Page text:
More personally, I’d first and foremost like to thank my wonderful Dad who dropped everything to rush down from Brisbane as soon as the water surrounding my families neighbourhood finally went down. I was stuck in Melbourne unable to get a flight home so he came to the rescue. He juggled early morning meetings with trawling through the mess of furniture and things strewn around my little unit by the flood waters. He piled boxes of heavy sodden belongings into the family scooby-do van (we have Great Danes, and yes a bright green scooby-do van) and unloaded them at the other end into my grandparents garage which eventually looked more like tsunami aftermath than a garage. He did this countless times a day, all in the still pouring rain. He even tried to separate out those things he knew I would be most upset about losing and using every outdoor covered area set about creating a makeshift market bazaar of semi-sodden-trying-to-try-things…on-lines.
I also want to thank my amazing Ranger family who came in force to lend my Dad a hand and even helped the poor little old lady living next door who lacked such a formidable labour force. Matt Wiseman, Allan Goodwin, Steve King and Richard Greenhill – you’re absolute legends, thank you from the bottom of my heart.
…that said, there really are no secrets anymore. I mean, what can you hide from colleagues who’ve helped clean out your bathroom, bedroom and entire house of every single item. Without you present. Yeah, just dwell on that mortifying thought for a moment! And to add insult to injury, my Dad and my colleagues met each other, without me there, with ample space and time to talk and even share stories. When I messaged my Dad in anticipation of said unsupervised conversation, stating he was not to believe anything they said, his delayed reply was –“They got a couple of stories out of me – couldn’t help it.” What exactly is that supposed to mean?! No wonder I drunk so much wine in Melbourne!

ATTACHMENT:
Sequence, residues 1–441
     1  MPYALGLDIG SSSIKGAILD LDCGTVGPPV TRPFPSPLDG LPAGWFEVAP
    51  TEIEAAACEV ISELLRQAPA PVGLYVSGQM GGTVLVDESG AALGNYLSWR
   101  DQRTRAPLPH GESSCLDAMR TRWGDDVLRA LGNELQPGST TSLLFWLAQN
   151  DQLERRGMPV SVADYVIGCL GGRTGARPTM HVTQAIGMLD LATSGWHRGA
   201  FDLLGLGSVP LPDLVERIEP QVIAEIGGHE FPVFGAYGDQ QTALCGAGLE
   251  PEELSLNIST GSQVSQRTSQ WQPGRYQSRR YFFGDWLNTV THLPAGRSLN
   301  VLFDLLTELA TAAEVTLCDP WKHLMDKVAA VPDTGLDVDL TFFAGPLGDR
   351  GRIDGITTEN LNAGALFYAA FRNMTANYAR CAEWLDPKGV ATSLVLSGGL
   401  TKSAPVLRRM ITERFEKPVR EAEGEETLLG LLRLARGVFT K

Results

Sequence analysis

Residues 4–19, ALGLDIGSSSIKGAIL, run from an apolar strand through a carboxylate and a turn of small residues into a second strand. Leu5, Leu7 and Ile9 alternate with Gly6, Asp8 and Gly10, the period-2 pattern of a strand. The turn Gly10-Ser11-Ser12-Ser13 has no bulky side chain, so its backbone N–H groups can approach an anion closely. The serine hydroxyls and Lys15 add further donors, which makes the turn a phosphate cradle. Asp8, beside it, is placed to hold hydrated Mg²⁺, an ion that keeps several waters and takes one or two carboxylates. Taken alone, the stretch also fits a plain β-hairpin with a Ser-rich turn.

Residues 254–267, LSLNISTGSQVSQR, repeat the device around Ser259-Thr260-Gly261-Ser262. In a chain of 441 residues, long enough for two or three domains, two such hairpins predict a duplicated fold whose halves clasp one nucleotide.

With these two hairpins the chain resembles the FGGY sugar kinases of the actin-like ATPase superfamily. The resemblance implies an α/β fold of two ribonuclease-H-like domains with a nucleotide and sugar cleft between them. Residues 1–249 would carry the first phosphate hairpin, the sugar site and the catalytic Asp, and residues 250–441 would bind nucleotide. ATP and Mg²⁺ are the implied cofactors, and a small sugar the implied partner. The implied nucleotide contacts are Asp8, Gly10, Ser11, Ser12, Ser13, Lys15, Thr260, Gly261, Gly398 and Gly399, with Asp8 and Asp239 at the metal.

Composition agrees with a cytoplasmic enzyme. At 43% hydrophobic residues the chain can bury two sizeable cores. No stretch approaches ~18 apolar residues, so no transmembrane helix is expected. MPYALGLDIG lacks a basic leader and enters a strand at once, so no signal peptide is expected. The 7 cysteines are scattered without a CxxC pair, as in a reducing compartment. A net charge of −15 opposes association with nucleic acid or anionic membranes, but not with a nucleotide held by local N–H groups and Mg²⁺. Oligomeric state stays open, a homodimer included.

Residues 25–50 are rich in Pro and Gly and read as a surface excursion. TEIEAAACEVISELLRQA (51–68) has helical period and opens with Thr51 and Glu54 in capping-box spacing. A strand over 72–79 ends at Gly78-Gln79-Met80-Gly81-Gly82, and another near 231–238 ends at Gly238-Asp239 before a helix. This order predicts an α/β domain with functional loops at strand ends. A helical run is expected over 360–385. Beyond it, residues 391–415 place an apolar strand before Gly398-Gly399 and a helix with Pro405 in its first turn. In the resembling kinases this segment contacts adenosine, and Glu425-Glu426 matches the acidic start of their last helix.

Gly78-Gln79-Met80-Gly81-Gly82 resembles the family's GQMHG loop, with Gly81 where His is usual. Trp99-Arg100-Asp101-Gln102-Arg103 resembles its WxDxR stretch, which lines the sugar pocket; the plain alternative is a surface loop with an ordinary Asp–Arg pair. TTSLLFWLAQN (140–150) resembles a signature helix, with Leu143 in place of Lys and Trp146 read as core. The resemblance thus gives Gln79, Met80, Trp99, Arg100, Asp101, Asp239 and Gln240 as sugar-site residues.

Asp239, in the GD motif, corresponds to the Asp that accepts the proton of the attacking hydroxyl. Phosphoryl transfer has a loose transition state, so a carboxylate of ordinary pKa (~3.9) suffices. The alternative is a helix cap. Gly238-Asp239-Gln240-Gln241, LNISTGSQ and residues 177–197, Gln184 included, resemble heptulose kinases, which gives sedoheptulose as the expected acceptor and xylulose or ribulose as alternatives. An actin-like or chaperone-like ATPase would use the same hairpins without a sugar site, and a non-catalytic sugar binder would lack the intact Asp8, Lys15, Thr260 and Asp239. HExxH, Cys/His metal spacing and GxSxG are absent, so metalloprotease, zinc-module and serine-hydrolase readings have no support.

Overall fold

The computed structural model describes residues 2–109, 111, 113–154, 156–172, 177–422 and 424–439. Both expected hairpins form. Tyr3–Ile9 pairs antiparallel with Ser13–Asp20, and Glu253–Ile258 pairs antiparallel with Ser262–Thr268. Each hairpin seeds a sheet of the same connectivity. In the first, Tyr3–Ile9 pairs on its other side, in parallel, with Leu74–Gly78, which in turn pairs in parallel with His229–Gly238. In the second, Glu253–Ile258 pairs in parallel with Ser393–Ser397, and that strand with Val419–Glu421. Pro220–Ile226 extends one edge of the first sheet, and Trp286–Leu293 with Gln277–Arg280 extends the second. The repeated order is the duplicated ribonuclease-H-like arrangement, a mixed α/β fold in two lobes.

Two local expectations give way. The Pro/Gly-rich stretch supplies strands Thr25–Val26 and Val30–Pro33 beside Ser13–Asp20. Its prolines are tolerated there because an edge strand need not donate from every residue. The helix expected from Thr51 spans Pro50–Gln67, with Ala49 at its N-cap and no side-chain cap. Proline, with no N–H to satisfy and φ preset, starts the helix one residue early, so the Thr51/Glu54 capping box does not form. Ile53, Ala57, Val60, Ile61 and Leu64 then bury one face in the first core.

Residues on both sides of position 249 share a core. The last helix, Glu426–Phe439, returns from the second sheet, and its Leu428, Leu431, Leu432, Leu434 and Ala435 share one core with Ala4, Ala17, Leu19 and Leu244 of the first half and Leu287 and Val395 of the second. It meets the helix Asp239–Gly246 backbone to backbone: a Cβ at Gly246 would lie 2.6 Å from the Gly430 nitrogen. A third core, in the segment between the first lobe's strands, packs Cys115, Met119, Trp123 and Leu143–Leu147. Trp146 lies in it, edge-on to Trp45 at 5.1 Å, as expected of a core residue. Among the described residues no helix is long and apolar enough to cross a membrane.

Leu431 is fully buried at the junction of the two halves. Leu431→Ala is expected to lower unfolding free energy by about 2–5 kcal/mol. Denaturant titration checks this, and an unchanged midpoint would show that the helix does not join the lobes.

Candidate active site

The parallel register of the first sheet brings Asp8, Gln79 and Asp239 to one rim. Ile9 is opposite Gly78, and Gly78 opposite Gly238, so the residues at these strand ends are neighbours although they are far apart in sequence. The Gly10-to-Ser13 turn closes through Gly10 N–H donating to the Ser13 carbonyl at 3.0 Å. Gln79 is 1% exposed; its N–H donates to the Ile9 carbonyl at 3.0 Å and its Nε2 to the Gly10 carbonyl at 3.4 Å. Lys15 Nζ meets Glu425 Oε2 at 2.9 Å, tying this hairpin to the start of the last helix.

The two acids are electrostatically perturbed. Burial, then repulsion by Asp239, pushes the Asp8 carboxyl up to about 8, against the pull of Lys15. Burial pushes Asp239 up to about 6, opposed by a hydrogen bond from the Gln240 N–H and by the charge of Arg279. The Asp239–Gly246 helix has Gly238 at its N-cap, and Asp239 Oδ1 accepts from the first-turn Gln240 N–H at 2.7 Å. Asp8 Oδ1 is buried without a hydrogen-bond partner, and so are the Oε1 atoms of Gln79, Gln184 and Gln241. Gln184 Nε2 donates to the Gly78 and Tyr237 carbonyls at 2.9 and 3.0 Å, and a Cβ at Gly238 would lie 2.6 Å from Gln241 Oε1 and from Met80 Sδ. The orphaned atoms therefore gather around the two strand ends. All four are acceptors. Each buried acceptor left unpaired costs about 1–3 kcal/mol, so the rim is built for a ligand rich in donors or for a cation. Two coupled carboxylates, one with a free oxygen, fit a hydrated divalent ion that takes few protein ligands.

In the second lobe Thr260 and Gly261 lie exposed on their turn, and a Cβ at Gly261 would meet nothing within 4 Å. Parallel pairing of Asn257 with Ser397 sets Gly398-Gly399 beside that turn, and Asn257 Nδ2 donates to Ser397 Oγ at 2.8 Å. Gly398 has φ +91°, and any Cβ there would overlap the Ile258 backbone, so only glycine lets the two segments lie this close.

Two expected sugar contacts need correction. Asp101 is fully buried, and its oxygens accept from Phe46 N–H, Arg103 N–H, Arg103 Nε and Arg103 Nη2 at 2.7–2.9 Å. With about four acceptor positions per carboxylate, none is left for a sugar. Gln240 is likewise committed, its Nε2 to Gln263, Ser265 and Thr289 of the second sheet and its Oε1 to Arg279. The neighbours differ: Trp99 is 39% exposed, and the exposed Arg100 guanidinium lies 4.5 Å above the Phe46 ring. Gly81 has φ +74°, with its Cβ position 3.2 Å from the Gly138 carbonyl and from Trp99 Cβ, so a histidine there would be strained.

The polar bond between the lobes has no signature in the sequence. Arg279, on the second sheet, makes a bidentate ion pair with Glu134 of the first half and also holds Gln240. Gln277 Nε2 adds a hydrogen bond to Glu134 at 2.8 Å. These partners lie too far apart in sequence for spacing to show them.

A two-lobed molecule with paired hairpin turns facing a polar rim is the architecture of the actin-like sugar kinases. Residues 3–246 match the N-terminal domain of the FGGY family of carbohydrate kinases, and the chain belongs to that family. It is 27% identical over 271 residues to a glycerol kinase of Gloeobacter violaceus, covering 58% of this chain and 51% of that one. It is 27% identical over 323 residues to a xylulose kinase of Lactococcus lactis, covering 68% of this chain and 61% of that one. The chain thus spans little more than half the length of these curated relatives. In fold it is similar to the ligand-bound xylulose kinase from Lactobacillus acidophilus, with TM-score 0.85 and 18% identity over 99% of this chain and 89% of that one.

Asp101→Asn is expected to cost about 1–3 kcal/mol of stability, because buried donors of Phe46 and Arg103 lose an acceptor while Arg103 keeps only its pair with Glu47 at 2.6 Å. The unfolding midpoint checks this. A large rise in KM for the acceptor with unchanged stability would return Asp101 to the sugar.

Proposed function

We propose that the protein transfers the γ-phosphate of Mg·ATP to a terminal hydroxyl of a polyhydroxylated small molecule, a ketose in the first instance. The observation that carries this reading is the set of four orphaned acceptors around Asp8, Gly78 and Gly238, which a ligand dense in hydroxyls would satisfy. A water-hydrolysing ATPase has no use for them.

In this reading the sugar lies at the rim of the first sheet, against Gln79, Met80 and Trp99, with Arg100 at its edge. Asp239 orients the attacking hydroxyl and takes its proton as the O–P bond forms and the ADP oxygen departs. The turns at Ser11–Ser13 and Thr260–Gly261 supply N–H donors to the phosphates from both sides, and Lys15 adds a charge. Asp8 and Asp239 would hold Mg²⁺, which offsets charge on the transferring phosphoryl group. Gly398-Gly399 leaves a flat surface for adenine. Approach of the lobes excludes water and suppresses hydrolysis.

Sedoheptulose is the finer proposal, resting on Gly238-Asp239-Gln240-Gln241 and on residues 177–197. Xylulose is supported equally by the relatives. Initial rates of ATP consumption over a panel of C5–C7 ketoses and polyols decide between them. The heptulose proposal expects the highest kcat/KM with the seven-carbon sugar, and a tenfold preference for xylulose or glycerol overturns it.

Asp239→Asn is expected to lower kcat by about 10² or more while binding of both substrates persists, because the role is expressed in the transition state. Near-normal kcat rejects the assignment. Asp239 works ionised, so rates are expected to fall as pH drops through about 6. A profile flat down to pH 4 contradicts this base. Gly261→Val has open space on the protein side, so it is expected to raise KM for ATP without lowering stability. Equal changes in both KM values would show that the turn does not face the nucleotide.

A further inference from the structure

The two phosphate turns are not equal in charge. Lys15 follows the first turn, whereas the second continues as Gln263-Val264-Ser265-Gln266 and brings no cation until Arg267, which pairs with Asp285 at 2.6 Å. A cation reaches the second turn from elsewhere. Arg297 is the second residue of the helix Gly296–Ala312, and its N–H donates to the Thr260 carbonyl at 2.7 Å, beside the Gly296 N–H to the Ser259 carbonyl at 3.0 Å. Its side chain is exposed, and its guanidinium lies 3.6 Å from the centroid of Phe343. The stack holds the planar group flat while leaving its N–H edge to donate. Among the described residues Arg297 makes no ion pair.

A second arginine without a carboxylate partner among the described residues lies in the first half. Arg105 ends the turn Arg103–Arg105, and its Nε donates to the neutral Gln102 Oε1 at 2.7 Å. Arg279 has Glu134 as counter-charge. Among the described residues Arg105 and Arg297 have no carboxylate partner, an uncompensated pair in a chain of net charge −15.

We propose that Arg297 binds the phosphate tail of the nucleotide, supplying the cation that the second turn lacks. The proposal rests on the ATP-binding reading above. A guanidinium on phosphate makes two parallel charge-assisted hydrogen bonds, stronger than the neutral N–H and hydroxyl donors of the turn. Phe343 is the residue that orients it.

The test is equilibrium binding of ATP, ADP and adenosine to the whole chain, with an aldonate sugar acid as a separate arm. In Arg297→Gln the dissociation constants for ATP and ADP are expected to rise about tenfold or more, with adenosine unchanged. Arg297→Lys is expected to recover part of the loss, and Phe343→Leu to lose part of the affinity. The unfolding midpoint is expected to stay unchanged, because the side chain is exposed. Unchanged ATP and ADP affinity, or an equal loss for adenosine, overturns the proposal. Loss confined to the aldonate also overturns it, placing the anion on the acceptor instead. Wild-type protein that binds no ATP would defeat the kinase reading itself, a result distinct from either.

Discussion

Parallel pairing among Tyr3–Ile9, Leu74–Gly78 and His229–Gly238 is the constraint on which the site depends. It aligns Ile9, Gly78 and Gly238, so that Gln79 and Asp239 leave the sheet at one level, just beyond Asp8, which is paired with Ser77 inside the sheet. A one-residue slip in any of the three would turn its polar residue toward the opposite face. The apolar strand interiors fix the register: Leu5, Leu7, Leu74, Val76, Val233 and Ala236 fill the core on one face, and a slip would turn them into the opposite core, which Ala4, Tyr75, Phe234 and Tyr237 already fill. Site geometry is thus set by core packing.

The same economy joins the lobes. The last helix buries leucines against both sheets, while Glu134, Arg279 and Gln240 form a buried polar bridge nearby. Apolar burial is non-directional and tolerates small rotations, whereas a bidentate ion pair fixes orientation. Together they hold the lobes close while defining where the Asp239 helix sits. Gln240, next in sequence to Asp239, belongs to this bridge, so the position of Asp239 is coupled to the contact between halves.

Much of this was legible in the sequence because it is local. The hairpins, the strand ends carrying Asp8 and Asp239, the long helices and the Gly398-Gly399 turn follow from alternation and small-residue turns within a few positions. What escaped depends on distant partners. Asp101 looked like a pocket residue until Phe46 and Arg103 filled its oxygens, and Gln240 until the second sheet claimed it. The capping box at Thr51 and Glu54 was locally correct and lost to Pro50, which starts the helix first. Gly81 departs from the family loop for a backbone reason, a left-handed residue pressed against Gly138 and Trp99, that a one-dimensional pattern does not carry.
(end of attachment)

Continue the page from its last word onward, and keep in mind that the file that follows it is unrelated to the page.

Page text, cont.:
Which brings me to a very important thank you – my best mate. She and her family where the poor buggers hosting me in Melbourne and watching on with equal horror as the news revealed the extent of the floods and my new reality. My trip was meant to be a proper holiday on the coast with my best mate, great food and wonderful wine as a short break before the final four-month push leading into the expedition. It was still a great catch up with my best mate, but the stress and anxiety of what was happening at home did not make for restful sleep or great conversation. What should have been fun and gossip filled meal outings where more often interrupted with phone calls from home or spent organising what I should buy in Melbourne given what I had likely lost at home. So even though she will say it is unnecessary to say thank you, it isn’t, you deserve a massive thank you for stepping up as a true best mate when I needed you most. Who else is going to know that at such a time there is nothing like beach walks, trashy tv and chocolate to make everything okay…or at least you can pretend everything is okay anyway!
Given this exceptionally long post, the expedition updates from the trip to Melbourne will now take the form of Instagram posts (thank gosh I hear you all say, at least it limits word count!) so look out for these over the next week. So too will come more info on how you can help and get involved with the expedition.
As for work, well let’s just say that such volumes of rain and deep volcanic soils on steep slopes makes for less than passable roads. Fingers crossed the forecast heavy rains in the next couple of days are on the conservative side of the forecast. Take care out there everyone, and may I suggest putting your most beloved items on the TOP shelf, just in case.